The story includes an eerie description of a winter landscape, with turkey feathers scattered over the snow for miles and miles.
This was her first time inside the plant. Her eyes darted. To her right, she saw plucked and headless turkeys arriving into the room on a chute, where workers picked them up and hooked them by their feet to a conveyor belt. She saw the turkeys then move into deeper recesses of the room, where people with knives hacked and disassembled them, separating drumsticks and wings, scapulas and wishbones. Finally, plump pieces of breast meat arrived on conveyors at a table of 16 workers, who used knives and meat hooks to trim a piece every four or five seconds.
Quite a transition for Velez. I certainly hope, for all their sakes, that Dakota Provisions has a decent safety record.
Vulture Capital: The Aurelius Lawsuit
The Times summarized why Aurelius urged that PROMESA’s Financial and Oversight Management Board (FOMB), was unconstitutional:
In a lawsuit filed in United States District Court in San Juan, the hedge fund, Aurelius Capital, cited the “appointments clause” of the United States Constitution, which calls for all principal officers of the federal government to be appointed by the president, and then confirmed by the Senate.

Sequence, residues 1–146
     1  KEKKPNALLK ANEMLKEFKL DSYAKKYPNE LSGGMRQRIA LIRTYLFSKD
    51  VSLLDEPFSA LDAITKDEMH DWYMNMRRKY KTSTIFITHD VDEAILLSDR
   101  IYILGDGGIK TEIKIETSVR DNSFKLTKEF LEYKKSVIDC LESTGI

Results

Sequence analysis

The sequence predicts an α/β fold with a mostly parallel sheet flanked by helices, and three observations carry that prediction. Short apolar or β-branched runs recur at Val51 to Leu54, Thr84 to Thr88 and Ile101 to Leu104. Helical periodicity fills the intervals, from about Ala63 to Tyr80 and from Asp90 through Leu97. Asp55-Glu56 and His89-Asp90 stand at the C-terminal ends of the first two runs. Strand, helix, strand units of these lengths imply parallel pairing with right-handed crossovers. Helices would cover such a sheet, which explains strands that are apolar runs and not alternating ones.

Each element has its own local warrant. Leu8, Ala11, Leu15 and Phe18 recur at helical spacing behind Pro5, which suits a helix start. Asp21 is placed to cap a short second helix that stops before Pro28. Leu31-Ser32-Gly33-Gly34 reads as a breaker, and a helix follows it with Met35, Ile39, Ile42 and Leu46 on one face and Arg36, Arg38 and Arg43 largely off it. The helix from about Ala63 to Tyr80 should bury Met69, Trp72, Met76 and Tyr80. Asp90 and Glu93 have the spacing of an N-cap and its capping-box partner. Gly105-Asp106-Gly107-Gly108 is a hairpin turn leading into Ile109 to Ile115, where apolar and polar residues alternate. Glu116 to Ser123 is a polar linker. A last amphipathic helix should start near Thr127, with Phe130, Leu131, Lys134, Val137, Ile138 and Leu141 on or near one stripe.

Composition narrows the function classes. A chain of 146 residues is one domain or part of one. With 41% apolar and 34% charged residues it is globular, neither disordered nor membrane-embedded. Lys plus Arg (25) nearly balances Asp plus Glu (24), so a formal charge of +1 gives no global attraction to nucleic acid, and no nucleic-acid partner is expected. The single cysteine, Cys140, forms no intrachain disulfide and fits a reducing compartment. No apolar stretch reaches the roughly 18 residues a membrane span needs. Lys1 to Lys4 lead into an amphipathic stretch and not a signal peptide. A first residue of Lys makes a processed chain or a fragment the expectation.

(As they were not, instead being selected from “an intricate system of Balkanized lists.” For detail, see our post on the Aurelius lawsuit back in November). The United States government has now filed its response: “UNITED STATES’ MEMORANDUM OF LAW IN SUPPORT OF THE CONSTITUTIONALITY OF PROMESA.” (PDF).
Not being a lawyer, I will avoid analyzing the memorandum. Rather, I’m going to pivot to two posts from Credit Slips, which show that greater minds than mine are just as puzzled as I am. The first, from Credit Slips:
[W]hat puzzles me about this case though is its economics, particularly from the perspective of Aurelius. What do they get by undermining the Control Board? My assumption here is that a ruling that the Control Board is unconstitutional and that all of the actions it has taken so far are void will be hugely expensive for Puerto Rico’s debt restructuring effort. After all, one of the key aspects of the Control Board is that it has been given the power to solve the traditional collective action problem that bedevils every sovereign or quasi-sovereign debt restructuring. Remove the Control Board, and we go back to square one where the creditors are fighting with each other about who has what level of priority and how to avoid giving the holdouts a disproportionate share of the pie. End result: Lawyers get paid a lot, but both the people of Puerto Rico and the creditors (including Aurelius) have a much smaller pie to divide up.
The folks at Aurelius, best I can tell, are highly sophisticated and really good at making oodles of money in crisis situations (remember Argentina and pari passu). But I cannot figure out what their game is. How do they win by turning over the applecart?